Orphans left out in cold: final vote on weak Directive

 

 

ORPHAN WORKS DIRECTIVE:

OUR CULTURAL HERITAGE IS STILL LEFT OUT IN THE COLD AND OFF-LINE

 

 

The Orphan Works Directive that will be voted by the European Parliament on Thursday this week in Strasbourg will not facilitate nor promote mass digitization and large-scale preservation of Europe´s vast cultural heritage. Countless out-of -circulation works whose authors are unknown or not found will remain unaccessible. This has been an historic missed opportunity. While the Directive does provides an EU exception to copyright, it clearly does not fulfill the promise of unleashing the great educational and cultural benefits of removing legal, financial and bureaucratical roadblocks that today prevent access to our common legacy in print, audio and film. http://www.europarl.europa.eu/sides/getDoc.do?pubRef=-//EP//TEXT+REPORT+A7-2012-0055+0+DOC+XML+V0//EN

 

David Hammerstein, Policy advocate for the TransAtlantic Consumer Dialogue, has stated: “This Directive will not promote mass digitization through easy author search mechanisms, balanced public-private partnerships that promote private financing and the establishment of clear limits on liability and renumeration of works used by public institutions. The copyright-publishers´ lobby has largely succeeded in blocking the advance of any rational mass recuperation of orphan works. Narrow economic interests have prevailed over the public good. European citizens will not have significantly more on-line access to millions of off-the-market works that will continue to collect dust and deteriorate on the shelves of Europe´s libraries and archives. ”

 

Why the Orphan Directive falls far short:

 

  1. It establishes retroactive financial liability for public institutions such as libraries and creates legal uncertainty. This will discourage public institutions from the digitization of their collections by creating fear of expensive future claims if rightholders eventually reappear.
  2. It strongly restricts private funding of digitization within the context of public-private partnership contracts by practically prohibiting any commercial exploitation of the works by private partners. Private participation is limited to sponsorship or donations. Since public funding for digitization is quite limited, this is a major financial barrier to the on-line recuperation of orphan works. The permitted uses of orphan works are limited to a narrow definition of “the public interest mission of public institutions” preventing reproduction and the recuperation of costs.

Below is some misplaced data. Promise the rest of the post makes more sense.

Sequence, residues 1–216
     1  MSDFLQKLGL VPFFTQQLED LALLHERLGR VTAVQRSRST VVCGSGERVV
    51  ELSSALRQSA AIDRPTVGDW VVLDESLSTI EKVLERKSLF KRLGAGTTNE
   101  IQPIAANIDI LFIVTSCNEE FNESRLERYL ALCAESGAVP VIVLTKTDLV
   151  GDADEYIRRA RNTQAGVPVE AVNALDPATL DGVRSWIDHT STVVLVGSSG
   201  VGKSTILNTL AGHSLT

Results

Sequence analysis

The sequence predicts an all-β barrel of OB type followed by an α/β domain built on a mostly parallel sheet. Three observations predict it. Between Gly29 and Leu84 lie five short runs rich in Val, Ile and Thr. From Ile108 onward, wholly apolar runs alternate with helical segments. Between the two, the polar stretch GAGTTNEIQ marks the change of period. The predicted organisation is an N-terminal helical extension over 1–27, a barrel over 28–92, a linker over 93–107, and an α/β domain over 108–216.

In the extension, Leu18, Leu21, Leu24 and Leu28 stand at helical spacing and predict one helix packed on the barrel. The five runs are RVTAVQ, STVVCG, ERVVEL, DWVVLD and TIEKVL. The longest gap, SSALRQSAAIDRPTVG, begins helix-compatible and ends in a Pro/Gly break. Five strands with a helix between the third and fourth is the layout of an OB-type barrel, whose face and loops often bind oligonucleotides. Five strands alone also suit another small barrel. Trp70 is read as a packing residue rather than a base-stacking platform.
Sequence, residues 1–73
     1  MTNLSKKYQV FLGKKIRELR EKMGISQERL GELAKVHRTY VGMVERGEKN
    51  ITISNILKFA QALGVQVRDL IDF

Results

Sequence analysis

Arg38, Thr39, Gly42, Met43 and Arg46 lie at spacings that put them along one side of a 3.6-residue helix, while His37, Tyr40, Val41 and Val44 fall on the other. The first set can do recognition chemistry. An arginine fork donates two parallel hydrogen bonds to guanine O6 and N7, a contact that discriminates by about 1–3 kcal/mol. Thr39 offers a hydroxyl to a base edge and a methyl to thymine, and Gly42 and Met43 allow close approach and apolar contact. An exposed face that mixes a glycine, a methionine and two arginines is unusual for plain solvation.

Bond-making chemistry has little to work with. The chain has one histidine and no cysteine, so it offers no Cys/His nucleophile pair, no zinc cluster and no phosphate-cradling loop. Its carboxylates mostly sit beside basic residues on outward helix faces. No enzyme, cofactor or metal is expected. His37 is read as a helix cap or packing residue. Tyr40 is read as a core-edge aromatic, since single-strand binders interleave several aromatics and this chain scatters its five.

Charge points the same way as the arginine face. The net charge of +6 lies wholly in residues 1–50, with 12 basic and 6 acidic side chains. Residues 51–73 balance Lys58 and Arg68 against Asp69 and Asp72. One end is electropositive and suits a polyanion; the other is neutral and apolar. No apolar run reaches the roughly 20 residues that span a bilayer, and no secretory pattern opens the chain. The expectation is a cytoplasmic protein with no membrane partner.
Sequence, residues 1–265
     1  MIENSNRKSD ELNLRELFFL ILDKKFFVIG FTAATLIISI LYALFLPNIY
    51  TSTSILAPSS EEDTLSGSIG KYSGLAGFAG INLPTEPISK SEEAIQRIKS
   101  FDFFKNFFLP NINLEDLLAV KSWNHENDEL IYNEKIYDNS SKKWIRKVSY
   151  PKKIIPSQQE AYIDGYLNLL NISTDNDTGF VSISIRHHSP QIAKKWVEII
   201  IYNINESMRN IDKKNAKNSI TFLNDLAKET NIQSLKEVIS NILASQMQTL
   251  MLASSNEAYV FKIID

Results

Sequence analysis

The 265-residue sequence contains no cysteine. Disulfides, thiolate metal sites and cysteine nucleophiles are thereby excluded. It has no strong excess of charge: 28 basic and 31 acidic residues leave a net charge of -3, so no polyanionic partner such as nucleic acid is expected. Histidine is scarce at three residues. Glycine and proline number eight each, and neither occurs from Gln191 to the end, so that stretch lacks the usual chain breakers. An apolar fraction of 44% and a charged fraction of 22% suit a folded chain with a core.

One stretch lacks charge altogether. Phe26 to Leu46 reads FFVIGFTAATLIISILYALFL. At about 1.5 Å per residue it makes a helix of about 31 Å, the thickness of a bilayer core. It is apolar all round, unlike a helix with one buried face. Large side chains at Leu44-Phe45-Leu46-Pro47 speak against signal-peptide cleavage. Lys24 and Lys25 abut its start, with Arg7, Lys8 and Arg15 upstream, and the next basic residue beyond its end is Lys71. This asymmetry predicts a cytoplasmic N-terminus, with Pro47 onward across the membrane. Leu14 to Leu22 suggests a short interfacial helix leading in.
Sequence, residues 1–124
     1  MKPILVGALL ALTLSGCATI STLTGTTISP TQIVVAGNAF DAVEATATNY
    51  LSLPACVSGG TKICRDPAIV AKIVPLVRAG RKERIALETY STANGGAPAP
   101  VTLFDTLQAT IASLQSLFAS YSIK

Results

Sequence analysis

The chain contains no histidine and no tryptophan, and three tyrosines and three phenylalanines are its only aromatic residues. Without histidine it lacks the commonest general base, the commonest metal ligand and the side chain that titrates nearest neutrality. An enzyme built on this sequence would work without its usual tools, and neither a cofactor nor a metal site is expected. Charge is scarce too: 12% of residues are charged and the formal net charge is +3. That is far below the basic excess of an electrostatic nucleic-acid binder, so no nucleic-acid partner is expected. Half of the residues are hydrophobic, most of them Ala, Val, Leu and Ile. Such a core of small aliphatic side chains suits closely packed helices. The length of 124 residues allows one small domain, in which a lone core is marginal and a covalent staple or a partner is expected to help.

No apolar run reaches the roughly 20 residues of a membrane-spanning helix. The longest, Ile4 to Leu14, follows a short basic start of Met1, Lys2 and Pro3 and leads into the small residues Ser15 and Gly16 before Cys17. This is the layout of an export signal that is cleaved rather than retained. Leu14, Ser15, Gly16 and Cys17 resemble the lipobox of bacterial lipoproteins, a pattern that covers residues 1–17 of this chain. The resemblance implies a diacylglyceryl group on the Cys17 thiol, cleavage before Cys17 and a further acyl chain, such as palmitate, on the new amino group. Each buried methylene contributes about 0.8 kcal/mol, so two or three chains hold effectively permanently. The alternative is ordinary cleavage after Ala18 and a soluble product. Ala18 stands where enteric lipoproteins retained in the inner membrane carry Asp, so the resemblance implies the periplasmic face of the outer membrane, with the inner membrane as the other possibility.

3. Torturous, expensive and bureaucratical requirements for the search of unknown authors that even includes the search for embedded content (illustrations, designs,..) in each work. This seriously limits large-scale digitization by preventing the use of specialized software (Arrow) for the searches as it cannot find embedded content.
  4. Record keeping requirements are too detailed and expensive to maintain within the required

    databases. It also limits the scope of the directive to works first published in a member state and there is not a clear mandate of mutual recognition of licensed orphan works from one EU member state to another.

    David Hammerstein, TACD

 

 

 

 

 

 

 

 

3 Responses to this post.

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  2. Posted by all that jargon » Orphan Works: Theory vs Practice on 10.09.12 at 12:17 pm

    [...] even with the introduction of the recent directive (Ermert). David Hammerstein of TACD offers here at the TACD IP Policy Blog a detailed analysis of why the directive fails to deliver the necessary reform to move the issue of [...]

  3. […] addition to restrictions on commercial exploitation, David Hammerstein of the TransAtlantic Consumer Dialogue, as well as representatives from Knowledge Ecology […]

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